In this way, wasteful transfer slows down the processing.
As described above, the method illustrated in FIG. 2 enables Fourier transform of data in large quantities, but the processing speed is quite low.
Other conventional methods for FFT of data in large quantities are described in an article entitled "Fast Fourier Transform of Externally Stored Data" by Norman M. Brenner in IEEE Transactions on Audio and Electroacoustics, Vol. AU-17, No. 2, pp. 128-132, June 1969.
In the article, two methods for fast Fourier transform of data in large quantities, named Ryder's method and Granger's method, are disclosed. Both methods have the following problems regarding processing speed.
Ryder's method contains twice reading accesses from the external storage and twice writing accesses to the external storage. When data to be fast Fourier transformed is supposed to consist of data elements of C1 rows and C2 columns, the number of data transferred during whole FFT implementation is estimated as follows: ##EQU1## Ordinarily, since C1>>1, the number of data read from the external storage in the first reading access is quite large. Therefore, the number of data transferred during whole FFT implementation is quite large. Then, it cannot be avoided to lower the processing speed.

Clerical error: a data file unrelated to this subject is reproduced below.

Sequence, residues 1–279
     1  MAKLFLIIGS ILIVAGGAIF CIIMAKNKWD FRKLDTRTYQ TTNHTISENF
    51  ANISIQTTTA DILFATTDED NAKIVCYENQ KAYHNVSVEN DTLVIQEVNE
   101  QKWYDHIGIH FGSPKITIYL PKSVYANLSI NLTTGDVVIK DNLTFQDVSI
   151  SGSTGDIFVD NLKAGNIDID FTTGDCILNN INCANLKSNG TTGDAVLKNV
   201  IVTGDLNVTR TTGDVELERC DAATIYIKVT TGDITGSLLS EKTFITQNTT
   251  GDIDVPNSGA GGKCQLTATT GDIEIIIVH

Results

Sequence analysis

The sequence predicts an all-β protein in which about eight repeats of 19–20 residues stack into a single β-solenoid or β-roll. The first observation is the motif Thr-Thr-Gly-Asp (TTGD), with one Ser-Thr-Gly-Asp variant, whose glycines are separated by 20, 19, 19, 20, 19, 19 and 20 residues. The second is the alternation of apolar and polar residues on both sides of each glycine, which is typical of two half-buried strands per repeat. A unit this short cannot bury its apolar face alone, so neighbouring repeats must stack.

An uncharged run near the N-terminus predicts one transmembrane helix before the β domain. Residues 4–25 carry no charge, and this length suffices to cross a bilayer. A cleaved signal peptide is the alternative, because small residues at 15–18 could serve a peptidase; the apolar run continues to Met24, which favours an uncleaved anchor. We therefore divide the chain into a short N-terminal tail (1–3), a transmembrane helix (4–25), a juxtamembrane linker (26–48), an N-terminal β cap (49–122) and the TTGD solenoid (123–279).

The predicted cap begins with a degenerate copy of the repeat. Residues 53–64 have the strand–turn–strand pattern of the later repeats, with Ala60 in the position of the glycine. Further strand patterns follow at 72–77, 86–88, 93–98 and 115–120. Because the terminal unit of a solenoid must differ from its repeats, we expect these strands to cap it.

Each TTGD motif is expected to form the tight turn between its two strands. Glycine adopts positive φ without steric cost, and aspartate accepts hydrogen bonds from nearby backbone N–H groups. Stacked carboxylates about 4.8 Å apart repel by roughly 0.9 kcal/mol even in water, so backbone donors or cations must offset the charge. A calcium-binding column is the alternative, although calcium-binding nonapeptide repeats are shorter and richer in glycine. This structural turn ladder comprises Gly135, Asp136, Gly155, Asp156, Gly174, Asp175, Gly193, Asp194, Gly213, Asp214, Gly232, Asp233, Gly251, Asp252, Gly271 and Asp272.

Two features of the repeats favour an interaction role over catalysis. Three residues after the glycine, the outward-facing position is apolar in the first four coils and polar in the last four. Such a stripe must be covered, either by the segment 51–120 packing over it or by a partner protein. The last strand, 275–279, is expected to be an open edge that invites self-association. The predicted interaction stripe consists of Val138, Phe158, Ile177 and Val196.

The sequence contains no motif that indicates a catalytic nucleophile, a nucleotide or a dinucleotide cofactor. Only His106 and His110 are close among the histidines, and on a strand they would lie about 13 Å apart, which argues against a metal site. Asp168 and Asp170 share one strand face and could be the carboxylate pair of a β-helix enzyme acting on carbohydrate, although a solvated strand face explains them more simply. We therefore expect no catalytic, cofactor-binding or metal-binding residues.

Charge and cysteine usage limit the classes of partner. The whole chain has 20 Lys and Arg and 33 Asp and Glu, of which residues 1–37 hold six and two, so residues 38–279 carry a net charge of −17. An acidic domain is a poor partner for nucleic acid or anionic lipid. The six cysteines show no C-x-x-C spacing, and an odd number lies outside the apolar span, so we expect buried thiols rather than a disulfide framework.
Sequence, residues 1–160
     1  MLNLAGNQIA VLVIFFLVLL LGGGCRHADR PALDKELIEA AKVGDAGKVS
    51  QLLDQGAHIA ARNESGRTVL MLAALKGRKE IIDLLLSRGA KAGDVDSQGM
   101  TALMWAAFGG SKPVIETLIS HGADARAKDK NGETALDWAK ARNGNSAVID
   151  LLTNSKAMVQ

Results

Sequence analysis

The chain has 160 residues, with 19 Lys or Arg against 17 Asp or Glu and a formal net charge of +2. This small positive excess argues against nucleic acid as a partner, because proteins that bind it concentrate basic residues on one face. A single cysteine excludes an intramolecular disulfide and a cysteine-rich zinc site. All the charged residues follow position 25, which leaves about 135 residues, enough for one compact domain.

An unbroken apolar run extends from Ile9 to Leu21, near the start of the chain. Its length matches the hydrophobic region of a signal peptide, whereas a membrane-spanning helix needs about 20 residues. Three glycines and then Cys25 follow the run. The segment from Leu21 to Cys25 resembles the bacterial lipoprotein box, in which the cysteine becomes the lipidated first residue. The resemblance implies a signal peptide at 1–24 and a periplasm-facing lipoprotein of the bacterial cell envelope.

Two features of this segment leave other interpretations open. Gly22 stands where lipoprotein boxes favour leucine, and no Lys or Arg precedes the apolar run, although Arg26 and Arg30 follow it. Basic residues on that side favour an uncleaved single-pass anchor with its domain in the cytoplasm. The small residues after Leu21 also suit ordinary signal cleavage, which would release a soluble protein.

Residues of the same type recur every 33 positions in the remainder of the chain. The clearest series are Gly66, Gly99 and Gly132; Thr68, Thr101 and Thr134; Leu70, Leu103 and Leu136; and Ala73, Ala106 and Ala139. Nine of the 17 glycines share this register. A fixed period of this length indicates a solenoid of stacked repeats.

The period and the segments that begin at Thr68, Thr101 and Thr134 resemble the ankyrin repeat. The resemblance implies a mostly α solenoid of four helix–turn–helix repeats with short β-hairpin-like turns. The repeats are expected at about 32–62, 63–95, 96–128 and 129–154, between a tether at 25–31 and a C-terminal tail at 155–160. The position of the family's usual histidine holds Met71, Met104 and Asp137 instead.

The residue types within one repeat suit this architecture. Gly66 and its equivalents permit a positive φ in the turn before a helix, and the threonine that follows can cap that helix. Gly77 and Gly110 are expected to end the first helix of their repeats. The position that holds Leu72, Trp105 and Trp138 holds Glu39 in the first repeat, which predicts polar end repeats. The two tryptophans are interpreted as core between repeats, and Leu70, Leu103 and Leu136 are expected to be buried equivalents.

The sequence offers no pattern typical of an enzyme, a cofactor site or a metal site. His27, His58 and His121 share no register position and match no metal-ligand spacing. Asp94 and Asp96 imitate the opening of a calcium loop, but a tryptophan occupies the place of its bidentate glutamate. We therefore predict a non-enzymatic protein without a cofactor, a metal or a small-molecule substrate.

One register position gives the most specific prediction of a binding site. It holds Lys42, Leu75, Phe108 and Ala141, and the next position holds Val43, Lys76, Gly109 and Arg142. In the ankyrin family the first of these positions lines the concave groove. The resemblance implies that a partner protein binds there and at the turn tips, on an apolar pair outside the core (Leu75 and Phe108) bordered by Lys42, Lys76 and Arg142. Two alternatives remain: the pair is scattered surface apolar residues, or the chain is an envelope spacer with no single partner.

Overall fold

On the other hand, Granger's method contains five times of reading accesses from the external storage and five times of writing accesses to the external storage. In the method, the number of data transferred during whole FFT implementation is estimated to 10×n. It can be understood that 10 times of reading/writing accesses cause to lower the processing speed.
Accordingly, it is an object of the present invention to provide a process of operating a FFT hardware processor in communication with an external data storage device for fast Fourier transform of data in large quantities stored in said external storage device at a high speed.